In Judaism, prayer has taken the place of the sacrificial offerings since the Temple is not currently standing and the priesthood is not presently established. Therefore, the formulation of the prayers in the Siddur is made to resemble the order of the Temple service.
An observant Jew who prays every morning from the Siddur will pray from the korbanot (offerings; sacrifices) section that comes right after the morning blessings and the recitation of the Akeidah. The first prayer in the korbanot section comes from Exodus 30:17-21. This section comes from Parashat Ki Tisa. However, in the Siddur this section is read daily.
For some, the intricacies of the Temple service, the usage of the vessels, the dimensions of the structure, the laws for specific sacrifices, etc., can seem quite dull. They can appear as just technical blueprints that hold little to no spiritual value for us today, especially since we don’t have the Temple right now—a mere mental exercise in visualizing the once marvelous House. It is tempting to skip over or briefly skim these sections in Scripture; I am most certainly guilty of doing so. However, upon closer examination, we will find that nothing is arbitrary and nothing in Scripture is devoid of a lesson or deeper spiritual meaning.
Make a Laver of Copper
I would like to present an interpretation of the copper laver spoken of in the first passage of the korbanot prayers, the passage that comes from this week’s Torah portion, Ki Tisa. It reads thus:
The LORD spoke to Moses, saying, “You shall also make a laver of bronze, with its base of bronze, for washing; and you shall put it between the tent of meeting and the altar, and you shall put water in it. Aaron and his sons shall wash their hands and their feet from it; when they enter the tent of meeting, they shall wash with water, so that they will not die; or when they approach the altar to minister, by offering up in smoke a fire sacrifice to the LORD. So they shall wash their hands and their feet, so that they will not die; and it shall be a perpetual statute for them, for Aaron and his descendants throughout their generations.” (Exodus 30:17-20 NASB)
This may seem like an irrelevant passage, but this laver filled with water is one of the most important components to preserving the lives of Aaron and his sons when they enter the presence of HaShem. There must be some deep significance to this seemingly insignificant utensil.
The Serpent, Copper, and Messiah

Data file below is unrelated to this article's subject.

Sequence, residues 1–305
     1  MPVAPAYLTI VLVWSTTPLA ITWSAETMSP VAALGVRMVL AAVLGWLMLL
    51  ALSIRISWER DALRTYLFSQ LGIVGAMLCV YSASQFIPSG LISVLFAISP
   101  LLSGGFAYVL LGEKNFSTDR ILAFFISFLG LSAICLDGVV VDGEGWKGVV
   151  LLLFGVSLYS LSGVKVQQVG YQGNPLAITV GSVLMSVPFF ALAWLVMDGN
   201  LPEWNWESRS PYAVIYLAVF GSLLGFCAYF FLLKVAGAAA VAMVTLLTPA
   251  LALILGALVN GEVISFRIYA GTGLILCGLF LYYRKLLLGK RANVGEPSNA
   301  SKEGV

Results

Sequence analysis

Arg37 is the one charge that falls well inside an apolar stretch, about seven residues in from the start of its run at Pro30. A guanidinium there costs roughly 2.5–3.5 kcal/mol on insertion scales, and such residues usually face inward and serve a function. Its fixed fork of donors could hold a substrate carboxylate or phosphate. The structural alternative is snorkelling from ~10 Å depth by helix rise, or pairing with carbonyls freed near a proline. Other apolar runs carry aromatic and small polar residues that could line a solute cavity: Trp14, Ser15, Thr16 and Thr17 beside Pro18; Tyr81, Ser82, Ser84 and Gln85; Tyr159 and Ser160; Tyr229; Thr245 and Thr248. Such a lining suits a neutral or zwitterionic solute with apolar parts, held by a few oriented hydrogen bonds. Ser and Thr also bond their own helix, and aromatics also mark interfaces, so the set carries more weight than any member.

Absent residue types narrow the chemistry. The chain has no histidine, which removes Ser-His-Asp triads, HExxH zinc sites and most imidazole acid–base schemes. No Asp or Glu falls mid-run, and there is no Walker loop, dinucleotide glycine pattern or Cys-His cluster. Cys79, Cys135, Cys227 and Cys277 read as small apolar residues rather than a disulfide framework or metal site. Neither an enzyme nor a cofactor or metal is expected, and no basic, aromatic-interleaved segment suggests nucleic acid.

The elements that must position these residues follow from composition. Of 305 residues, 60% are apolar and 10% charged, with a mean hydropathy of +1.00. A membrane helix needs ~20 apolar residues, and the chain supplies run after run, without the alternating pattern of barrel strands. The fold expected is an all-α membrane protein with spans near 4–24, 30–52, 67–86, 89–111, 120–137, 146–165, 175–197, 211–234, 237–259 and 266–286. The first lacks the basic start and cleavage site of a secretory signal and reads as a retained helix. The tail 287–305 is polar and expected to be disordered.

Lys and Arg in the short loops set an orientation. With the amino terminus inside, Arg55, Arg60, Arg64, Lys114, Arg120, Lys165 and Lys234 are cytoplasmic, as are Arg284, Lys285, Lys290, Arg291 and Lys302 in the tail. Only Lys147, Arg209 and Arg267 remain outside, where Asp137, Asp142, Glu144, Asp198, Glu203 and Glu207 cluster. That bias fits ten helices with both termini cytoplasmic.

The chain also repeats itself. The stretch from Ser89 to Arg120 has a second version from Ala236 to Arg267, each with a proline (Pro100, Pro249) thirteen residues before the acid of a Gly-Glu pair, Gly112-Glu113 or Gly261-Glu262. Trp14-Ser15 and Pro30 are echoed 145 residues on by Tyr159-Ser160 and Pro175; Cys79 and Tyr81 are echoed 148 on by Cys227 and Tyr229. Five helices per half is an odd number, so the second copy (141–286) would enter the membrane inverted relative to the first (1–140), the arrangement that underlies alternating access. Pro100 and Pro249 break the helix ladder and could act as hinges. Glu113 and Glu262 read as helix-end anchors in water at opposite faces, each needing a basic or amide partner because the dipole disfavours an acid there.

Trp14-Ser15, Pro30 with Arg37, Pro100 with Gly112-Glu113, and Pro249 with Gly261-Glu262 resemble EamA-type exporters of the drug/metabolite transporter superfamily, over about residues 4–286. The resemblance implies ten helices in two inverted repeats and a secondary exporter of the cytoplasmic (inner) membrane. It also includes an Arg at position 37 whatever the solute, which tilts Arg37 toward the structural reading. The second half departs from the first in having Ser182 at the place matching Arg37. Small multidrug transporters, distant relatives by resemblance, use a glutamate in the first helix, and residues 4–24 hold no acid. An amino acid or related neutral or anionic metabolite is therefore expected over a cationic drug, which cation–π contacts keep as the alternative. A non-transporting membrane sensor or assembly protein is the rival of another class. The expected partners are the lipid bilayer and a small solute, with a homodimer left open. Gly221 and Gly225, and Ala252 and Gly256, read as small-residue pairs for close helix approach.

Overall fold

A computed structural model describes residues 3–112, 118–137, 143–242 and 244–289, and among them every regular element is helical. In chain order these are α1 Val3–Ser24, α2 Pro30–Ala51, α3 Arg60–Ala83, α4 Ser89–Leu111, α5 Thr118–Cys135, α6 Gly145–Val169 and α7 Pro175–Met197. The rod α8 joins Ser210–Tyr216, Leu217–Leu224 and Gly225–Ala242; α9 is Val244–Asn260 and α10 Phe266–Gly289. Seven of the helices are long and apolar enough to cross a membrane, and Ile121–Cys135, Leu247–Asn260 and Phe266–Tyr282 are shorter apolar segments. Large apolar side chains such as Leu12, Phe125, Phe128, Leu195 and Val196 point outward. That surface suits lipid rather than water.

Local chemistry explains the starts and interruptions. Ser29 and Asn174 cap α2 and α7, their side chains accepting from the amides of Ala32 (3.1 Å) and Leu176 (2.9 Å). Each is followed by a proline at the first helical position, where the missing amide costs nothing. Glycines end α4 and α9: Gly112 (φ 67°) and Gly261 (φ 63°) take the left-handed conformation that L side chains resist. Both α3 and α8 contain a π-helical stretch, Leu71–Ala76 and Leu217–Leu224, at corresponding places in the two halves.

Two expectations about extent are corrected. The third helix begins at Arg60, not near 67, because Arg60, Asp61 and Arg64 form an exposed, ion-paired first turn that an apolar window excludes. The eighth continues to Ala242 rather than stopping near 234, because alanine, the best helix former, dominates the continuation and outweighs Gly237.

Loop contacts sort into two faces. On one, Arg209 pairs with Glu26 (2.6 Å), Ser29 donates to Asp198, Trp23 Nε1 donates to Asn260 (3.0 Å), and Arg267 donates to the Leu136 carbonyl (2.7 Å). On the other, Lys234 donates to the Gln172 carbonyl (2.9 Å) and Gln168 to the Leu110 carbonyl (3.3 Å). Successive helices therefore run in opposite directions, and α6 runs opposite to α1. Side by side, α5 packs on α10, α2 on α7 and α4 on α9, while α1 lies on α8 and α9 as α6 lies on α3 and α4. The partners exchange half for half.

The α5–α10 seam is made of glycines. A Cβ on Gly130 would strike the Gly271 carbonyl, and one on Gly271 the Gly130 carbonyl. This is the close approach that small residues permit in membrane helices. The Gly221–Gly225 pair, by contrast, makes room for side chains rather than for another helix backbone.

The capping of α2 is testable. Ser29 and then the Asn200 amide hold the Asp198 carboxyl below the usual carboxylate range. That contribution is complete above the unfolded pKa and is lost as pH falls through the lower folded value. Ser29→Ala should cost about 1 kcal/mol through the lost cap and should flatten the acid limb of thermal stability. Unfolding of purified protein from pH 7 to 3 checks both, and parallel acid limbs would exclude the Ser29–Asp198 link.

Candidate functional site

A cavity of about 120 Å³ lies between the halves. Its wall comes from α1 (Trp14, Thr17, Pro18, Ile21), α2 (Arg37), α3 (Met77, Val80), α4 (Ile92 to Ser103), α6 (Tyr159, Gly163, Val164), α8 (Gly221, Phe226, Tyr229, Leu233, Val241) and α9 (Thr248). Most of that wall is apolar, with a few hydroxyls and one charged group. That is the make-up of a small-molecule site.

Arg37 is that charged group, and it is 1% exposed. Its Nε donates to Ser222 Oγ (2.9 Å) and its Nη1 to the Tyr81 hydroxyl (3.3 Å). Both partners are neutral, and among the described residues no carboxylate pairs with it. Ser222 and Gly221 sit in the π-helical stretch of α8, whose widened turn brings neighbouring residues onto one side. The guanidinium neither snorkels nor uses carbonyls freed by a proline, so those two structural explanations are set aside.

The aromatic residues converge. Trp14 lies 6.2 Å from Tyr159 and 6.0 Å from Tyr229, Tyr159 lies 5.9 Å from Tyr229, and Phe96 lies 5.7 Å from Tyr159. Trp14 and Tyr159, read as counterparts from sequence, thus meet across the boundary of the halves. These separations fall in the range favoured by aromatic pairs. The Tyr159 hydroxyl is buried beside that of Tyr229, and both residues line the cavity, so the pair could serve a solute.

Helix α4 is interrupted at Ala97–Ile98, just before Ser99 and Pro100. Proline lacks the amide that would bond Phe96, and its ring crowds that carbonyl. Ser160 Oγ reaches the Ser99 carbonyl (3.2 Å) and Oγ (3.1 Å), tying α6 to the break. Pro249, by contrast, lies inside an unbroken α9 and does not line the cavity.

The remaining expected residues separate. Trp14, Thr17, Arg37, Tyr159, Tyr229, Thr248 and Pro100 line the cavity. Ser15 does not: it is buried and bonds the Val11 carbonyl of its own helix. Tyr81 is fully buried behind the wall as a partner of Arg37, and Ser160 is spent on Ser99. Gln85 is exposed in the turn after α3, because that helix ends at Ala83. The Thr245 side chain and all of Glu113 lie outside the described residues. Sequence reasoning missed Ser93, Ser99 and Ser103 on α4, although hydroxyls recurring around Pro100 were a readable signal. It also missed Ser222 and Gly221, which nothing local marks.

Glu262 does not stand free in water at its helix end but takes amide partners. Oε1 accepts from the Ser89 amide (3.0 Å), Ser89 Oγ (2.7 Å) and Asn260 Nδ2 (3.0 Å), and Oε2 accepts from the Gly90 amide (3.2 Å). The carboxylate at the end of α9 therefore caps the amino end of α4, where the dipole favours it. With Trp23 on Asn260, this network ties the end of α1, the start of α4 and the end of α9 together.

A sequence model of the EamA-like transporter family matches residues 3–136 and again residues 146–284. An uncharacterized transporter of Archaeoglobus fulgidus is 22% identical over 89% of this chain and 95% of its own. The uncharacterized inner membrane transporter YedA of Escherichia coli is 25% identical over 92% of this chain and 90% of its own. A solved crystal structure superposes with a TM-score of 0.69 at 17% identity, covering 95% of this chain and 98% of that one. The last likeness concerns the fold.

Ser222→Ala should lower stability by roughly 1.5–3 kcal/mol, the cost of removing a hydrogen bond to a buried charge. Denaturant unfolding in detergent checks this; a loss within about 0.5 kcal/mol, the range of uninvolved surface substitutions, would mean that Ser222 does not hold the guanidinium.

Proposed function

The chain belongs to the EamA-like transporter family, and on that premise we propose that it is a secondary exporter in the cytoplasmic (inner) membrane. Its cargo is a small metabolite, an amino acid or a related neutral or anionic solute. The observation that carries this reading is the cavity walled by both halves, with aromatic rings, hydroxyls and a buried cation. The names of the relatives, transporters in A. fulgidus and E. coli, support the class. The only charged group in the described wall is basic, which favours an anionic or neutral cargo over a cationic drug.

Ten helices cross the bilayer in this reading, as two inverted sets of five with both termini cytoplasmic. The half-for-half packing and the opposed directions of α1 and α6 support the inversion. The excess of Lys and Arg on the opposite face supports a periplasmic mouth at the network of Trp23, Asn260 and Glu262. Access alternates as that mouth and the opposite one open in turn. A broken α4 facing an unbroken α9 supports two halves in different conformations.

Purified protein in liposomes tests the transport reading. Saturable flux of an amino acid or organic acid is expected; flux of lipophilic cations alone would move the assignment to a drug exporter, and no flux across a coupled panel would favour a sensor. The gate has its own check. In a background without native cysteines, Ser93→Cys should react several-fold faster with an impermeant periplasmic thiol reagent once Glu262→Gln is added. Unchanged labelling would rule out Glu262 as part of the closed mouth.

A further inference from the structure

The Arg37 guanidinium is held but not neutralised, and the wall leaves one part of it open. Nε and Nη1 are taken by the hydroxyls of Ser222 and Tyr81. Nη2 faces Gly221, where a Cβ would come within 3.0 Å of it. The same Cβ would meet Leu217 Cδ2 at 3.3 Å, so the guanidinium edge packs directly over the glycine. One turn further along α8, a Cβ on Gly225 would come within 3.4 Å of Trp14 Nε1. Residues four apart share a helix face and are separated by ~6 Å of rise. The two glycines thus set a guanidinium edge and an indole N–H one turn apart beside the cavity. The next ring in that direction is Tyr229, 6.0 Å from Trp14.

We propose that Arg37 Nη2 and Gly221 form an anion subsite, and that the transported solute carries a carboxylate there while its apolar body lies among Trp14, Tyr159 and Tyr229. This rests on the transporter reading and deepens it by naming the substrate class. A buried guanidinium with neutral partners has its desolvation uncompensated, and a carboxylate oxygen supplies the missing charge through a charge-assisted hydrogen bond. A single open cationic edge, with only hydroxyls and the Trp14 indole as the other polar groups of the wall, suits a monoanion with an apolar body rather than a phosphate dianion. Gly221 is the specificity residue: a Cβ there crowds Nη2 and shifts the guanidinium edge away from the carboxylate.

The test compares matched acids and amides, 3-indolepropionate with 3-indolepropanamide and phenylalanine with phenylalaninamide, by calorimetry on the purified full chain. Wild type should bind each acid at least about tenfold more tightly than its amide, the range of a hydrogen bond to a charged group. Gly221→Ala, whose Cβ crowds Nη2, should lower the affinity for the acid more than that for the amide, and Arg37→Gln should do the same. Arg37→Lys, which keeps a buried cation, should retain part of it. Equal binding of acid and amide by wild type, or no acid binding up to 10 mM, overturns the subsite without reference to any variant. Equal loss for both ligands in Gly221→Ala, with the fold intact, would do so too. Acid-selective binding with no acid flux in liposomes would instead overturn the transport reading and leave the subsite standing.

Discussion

The word for “bronze” or “copper” in Hebrew is nechoshet (× Ö°×—Ö¹×©Ö¶××ª), which carries the Hebrew root nachash (× Ö¸×—Ö¸×©×), which means “serpent.” The kabbalists noted that the numerical value of both Hebrew words nachash (serpent, × ×—×©) and mashiach (Messiah, ×ž×©×™×—) is 358. They interpreted this to mean that the “holy serpent” (the Messiah) will ultimately destroy the “evil serpent” (Satan). To our ears this may sound (understandably) borderline heretical, since the serpent represents sin and curse. How could we call the Messiah a serpent? But before allowing ourselves to feel offended by this interpretation, let us remember what the Messiah himself says.
Yeshua draws the parallel between himself and the copper serpent (nechash nechoshet, × Ö°×—Ö·×©× × Ö°×—Ö¹×©Ö¶××ª) that Moses held up for all to see: “As Moses lifted up the serpent in the wilderness, even so must the Son of Man be lifted up” (John 3:14). Yeshua was speaking to Nicodemus in this passage, and I cannot imagine that the numerical equivalence of the words nachash and mashiach was lost on this great sage in Israel. In fact, this statement was more than likely incredibly powerful to the mind and heart of wise Nicodemus. Here we see Yeshua making strong and clear claims of messiahship, and this allusion to himself as the nachash (i.e., the mashiach) is perhaps one of the strongest.
With that foundation laid, we can see a deep meaning in the Hebrew word for copper (nechoshet), since it bears the root nachash. I had been perplexed in reading this korbanot introductory prayer as to the significance of this underwhelming bowl whose waters preserve the lives of the priests. But understanding its root with nachash, and thus with Messiah, has clarified everything.
The Messiah and the Laver
One could perhaps go so far as to say that the Messiah is representative of this copper laver. His claims of causing to live all who come to him, or all who look on him and believe in him, parallel the function of this laver as well as the copper serpent that Moses affixed on a standard. It clarifies even the concept of being immersed into his name—washed in his name and for his sake—and it makes the imagery of being buried with the Messiah in water, in immersion, and raising up with him much more understandable. He is the living water, and he is the laver with which to receive it and purify ourselves. If we bind ourselves to him, wash our hands and feet in him so to speak, we can enter the presence of the Father without fear of being overtaken.
This imagery is so beautiful and fits so perfectly into what we already know about our beloved Messiah. In fact, I would like to imagine that Yeshua used a copper bowl as he was bending down to wash his disciples’ feet prior to their last seder together. Whether or not that is true, who could know? Nevertheless, it is irrelevant, as he himself serves as that holy vessel that purified his disciples to minister before HaShem in spreading their message to the entire world.
In every detail given us by the Torah there is a practical and spiritual meaning to glean. Even in the rudimentary functions and utensils of the Temple, the spiritual depth abounds. Never again will I skip over such crucial detail no matter how tedious it feels at the moment, for therein lies a deep lesson and the Messiah is clearly revealed.